Roughly one-in-five young people in California’s foster care system are transferred between counties after entering care. Even though as many as two-thirds or more of these youth have heightened mental health needs, data show that they often wait months, or even years, for appropriate mental health treatment.
Many “out-of-county” foster youth are denied treatment altogether. To make matters worse, data show that foster youth who are sent out-of-county often have greater needs for mental healthcare than foster youth who are not.
Last week, the California Child Welfare Council heard testimony on this long-standing problem of foster youth’s unequal access to mental healthcare. Following years of delay and inaction, representatives from California’s Department of Health Care Services (DHCS) and Department of Social Services (DSS) committed to taking action to finally resolve this problem.
DHCS provided the Council with an update on a joint DHC/DSS concept paper intended to provide a solution to the out-of-county issue. Dina Kokkos-Gonzales, DHCS branch chief, reported that, while not yet finalized, the concept paper proposes a county collaboration team model. Kokkos-Gonzales acknowledged that feedback from stakeholders made it clear that the concept paper did not go far enough to resolve the problem and that greater detail is likely needed.
Young Minds’ President Patrick Gardner, a member of the Child Welfare Council, expressed frustration about the State’s ongoing delay and unmet commitments. Gardner testified that in December 2010 the Child Welfare Council had unanimously approved an action plan intended to resolve the problem.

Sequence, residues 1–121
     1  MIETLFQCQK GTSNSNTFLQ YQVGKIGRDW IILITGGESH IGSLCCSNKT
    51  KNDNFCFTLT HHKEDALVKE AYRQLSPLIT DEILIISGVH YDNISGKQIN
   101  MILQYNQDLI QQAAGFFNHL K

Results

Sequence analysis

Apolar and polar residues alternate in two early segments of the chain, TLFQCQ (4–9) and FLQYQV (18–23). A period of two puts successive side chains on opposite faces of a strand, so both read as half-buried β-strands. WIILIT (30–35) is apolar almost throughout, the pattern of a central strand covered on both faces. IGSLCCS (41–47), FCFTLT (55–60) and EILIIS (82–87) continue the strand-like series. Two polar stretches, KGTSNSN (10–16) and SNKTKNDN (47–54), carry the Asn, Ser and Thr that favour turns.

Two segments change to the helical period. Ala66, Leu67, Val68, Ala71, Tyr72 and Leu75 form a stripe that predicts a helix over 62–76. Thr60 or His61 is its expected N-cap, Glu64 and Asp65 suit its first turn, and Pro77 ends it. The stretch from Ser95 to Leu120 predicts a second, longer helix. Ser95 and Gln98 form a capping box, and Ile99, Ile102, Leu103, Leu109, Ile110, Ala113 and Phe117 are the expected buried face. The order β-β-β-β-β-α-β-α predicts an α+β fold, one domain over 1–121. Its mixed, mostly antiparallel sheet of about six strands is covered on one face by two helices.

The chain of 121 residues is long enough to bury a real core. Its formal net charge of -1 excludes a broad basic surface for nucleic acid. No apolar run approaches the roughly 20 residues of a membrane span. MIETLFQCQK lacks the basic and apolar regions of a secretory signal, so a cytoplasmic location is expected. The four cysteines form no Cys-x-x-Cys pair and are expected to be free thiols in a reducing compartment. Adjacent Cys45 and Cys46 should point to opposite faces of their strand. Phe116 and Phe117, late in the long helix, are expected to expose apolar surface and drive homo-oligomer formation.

Again, in June 2012, Health and Human Services Agency Undersecretary Michael Wilkening promised to promptly meet with stakeholders to identify what “work still needs to be done” to address access disparities faced by out-of-county foster youth, stating: “The goal will be to resolve this issue.”
Despite these commitments, Gardner observed that California appears no closer to fixing the problem than four years ago when the Child Welfare Council approved its action plan.
Fellow council member, DSS Foster Care Ombudsman Karen Grace-Kaho, echoed Gardner’s concerns. She pointed out that the problem of access disparities faced by out-of-county foster youth was identified as early as 1998 in a Code Blue report on California’s foster care system.
Grace-Kaho stated that that Departments’ failure to act over the course of the last two decades suggests that the problem “is not taken seriously.”
In response to concerns expressed by council members, representatives from DHCS and DSS both pledged to resolve the problem. DHCS Deputy Director Karen Baylor expressed that her department “is committed to moving forward” to find a solution. Similarly, DSS Deputy Director Peter Cervenka stated that his department was “committed to taking action.” Acknowledging out-of-county disparities as a long-standing issue, Cervenka recognized that the State needed to provide “action steps and timelines” for finally resolving this problem.
Pointing out that “this is an administrative problem that the State and the counties can solve,” Gardner said that the State must take action in a matter of “weeks, not months or years.” Continued delay,” he added, “is no longer an option.”
Wesley Sheffield is the associate attorney for Young Minds Advocacy Project.
Have you had, or heard of, problems getting access to mental healthcare as, or for, an out-of-county foster youth? Please contact Young Minds Advocacy Project at email@example.com.